Read The Third Lost Tale of Mercia: Aydith the Aetheling Online

Authors: Jayden Woods

Tags: #aethelfleda, #aetheling, #anglo saxon, #aydith, #dark ages, #ethelred, #free, #historical fiction, #lost tales, #medieval, #mercia, #short story, #vikings

The Third Lost Tale of Mercia: Aydith the Aetheling (2 page)

BOOK: The Third Lost Tale of Mercia: Aydith the Aetheling
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Aydith,” he said, his
purple cloak still settling about him from his sudden stop, his
fists planting firmly on his hips. Aydith noticed with disgust that
her maids were watching him with huge, batting eyes. He was not
even a particularly good-looking man, for all that Aydtih could
judge. But he was a prince. “What’s this Father tells me about your
behavior?”

She clutched her table for support, staring
at him with a mixture of guilt and pleading. “I am just ... I am
just so confused, brother. Aren’t you?”


I ...” He looked away in
thought, lowering his arms. “I understand that Father will be
marrying—” He looked uncertainly at the maids, then at Hastings.
Aydith thought it foolish he felt inclined to keep it a secret. The
decision had been made; the people would hear of it soon enough.
Perhaps the king wanted to put off telling everyone so that it
would not enrage them, as Aydith thought it should. “He’ll be
taking a new bride,” he said hoarsely. “For the good of the
country.”


Do you really believe
that?”


I ... I ...” Aethelstan
shook his head helplessly. “I trust Father!”

Aydith sighed. Aethelstan was always so
dignified and practical; perhaps he was right. Why couldn’t she
simply accept the king’s decisions like so many other people seemed
to do? She remembered the way Mother used to act submissive and
accepting of all Ethelred’s actions in public, but as soon as she
was alone with Aydith, she would curse and swear and insult her own
husband. Aydith never wanted to be like that, and she wondered how
many other people might be the same way, acting out their lives as
they felt they ought to, yet nearly bursting with anger inside. If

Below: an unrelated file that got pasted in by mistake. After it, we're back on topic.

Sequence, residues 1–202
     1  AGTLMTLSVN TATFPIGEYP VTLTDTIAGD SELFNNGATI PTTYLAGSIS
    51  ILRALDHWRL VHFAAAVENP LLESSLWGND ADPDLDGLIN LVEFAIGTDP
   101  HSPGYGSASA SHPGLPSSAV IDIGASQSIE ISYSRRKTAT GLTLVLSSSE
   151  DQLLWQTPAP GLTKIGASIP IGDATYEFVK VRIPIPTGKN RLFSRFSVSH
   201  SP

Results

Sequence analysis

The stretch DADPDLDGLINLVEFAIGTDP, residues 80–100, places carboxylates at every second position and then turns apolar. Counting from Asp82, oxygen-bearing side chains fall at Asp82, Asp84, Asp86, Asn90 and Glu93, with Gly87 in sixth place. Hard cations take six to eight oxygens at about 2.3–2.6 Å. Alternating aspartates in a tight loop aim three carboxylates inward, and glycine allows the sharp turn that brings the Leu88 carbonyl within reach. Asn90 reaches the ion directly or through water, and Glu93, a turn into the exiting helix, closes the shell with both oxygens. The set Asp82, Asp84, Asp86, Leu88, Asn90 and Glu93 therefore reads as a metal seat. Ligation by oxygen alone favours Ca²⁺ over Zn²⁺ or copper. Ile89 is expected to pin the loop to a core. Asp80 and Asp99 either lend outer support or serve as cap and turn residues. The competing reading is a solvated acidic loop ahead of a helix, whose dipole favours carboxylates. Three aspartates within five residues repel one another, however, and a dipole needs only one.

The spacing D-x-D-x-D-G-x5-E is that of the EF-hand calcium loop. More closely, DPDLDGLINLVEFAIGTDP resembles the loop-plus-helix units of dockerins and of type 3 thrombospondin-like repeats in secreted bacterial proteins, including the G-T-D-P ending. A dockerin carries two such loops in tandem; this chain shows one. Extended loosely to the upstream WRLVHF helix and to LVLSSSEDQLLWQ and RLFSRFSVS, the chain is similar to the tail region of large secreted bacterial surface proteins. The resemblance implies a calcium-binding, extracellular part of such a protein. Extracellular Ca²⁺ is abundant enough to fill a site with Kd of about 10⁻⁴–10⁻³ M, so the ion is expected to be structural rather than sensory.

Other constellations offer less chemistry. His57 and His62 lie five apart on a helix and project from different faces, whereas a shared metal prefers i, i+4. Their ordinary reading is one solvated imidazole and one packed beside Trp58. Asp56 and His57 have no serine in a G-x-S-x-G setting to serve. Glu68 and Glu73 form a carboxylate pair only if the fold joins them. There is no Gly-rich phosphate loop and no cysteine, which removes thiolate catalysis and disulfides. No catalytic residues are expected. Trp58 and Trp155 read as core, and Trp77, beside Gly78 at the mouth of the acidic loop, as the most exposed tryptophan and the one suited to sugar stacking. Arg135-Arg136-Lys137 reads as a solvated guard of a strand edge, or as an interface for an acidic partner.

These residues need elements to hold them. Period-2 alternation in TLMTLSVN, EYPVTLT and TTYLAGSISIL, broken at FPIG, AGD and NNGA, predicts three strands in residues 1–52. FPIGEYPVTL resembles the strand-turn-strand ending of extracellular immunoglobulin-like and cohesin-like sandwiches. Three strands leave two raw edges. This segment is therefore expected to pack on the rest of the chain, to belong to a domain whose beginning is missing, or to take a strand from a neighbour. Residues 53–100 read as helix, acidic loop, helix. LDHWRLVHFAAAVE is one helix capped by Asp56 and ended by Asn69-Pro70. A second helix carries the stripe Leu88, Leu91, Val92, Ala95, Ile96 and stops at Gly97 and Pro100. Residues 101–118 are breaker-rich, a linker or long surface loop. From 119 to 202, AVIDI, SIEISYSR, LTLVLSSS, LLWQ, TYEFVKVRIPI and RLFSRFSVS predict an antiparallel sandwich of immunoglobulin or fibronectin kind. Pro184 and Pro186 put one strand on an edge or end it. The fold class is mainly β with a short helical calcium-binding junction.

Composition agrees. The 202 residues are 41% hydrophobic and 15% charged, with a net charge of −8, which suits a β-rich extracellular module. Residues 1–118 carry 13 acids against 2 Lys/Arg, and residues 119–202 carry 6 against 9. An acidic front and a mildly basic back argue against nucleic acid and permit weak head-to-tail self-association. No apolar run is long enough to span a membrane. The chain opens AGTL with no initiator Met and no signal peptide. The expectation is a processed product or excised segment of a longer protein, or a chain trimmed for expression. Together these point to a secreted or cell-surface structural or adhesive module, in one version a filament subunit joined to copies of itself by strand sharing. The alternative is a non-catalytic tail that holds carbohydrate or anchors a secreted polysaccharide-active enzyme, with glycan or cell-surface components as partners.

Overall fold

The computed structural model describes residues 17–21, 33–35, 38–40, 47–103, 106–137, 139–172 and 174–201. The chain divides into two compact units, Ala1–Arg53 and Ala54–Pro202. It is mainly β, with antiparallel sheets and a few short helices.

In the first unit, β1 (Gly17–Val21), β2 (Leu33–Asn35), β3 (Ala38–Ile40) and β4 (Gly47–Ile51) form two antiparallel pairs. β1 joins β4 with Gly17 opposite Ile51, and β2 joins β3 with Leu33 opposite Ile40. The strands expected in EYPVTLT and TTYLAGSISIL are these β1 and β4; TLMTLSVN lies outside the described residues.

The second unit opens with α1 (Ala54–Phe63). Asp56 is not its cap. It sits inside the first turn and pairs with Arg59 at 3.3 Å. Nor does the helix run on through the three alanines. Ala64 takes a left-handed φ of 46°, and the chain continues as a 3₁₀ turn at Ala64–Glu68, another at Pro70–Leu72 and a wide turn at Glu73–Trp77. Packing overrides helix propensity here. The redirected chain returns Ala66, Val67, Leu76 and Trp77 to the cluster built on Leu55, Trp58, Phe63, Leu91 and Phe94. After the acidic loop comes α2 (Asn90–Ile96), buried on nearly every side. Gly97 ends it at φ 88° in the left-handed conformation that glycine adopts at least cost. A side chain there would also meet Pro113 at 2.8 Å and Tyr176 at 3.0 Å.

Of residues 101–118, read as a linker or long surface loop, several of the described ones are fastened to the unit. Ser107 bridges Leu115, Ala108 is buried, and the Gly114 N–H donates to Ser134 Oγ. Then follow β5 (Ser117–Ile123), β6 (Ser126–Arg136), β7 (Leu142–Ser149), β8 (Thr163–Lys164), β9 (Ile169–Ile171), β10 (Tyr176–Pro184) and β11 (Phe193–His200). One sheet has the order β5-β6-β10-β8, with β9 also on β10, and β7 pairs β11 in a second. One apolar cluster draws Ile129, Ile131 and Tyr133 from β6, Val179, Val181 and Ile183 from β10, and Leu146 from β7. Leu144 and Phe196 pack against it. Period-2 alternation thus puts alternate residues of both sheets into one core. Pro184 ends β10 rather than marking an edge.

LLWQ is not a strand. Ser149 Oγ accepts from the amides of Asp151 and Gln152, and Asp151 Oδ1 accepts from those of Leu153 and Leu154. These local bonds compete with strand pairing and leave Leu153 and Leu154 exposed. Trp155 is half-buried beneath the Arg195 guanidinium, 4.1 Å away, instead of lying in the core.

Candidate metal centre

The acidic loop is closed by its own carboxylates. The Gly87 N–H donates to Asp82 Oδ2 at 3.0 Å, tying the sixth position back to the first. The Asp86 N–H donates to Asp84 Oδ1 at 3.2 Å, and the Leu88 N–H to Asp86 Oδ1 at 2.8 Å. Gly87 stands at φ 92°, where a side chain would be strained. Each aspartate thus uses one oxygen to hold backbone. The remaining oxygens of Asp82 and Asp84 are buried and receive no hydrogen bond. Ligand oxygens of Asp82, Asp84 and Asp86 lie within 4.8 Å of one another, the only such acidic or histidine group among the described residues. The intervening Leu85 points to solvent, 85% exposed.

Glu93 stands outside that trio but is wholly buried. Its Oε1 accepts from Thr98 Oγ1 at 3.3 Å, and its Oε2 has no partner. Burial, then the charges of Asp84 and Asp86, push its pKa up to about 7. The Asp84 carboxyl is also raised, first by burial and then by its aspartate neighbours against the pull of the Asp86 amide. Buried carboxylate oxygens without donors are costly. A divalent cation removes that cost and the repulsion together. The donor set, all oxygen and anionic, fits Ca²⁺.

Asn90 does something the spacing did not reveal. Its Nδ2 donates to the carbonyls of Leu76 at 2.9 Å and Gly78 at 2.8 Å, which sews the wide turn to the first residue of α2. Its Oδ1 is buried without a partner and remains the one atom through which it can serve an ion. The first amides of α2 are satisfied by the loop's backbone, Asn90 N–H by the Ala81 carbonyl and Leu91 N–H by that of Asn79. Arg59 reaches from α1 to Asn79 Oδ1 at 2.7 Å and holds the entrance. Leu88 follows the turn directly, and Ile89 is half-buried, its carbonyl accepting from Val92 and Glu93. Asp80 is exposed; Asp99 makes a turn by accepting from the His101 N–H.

only people would come together and speak their true minds, perhaps
real progress could be made. But would anyone?

She stared at her brother for a long time,
marveling at him. He did not seem to be filled with secrets and
bitterness like so many other people. He simply did what he thought
he was supposed to do. Surely God must love him dearly. And so did
their father.

This thought sparked a new idea in her head.
“Perhaps ...” She swallowed thickly. “Perhaps you could talk to
him. Tell him to reconsider.”


Why? Because you miss your
mother?” He guffawed, and she felt as if her heart melted.
Aethelstan rarely expressed such disdain. “Do you know how childish
you sound?”

Aydith set her mouth in a
firm line, glaring. “It’s not just about Mother. It’s about our
father appearing
weak
.” The word made her blood burn with nervousness. It was a
word her own mother had used to describe Ethelred often, but she
had never dared repeat it until now. Aethelstan blinked with
surprise. “First the Danegald. He took the people’s money and gave
it to the Danes to buy peace; but the Danes only come back for
more. Now this: marrying a Norman! When the only solution is to
keep fighting!”

Suddenly Aydith became all too aware that
she and Aethelstan were not alone. She saw the looks of shock on
the maids’ faces, and the abashed expression of Hastings, who
seemed embarrassed just to hear such things. Meanwhile Aethelstan’s
face turned bright red. He was not the sort to get angry, but even
he had his limits.


What—what I mean is ...”
Aydith drooped in her chair, her voice slurring to something of a
mumble. “What I mean is that these things make him
look
weak. Not that he
is.”

Aethelstan lifted his chin, which seemed to
require a great deal of effort, for his body seemed as stiff as
clay when cooked to the shattering point. Despite this, he managed
to keep his voice at a low, but grating, pitch. “Everyone … please
leave the room.”

Their eyes wide, the maids got up and
scurried out. Aydith was relieved, though she shuddered to think
how they would gossip about the scene they’d already witnessed.
Hastings, however, stood still.


The king commanded me to
watch her, my lord,” he said.

Aethelstan did not seem to care, nor even
notice that Hastings remained, for all of his concentration was
focused on Aydith. When the maids were gone, he stormed up to her
table and grabbed one of the books.


Hey—!” shouted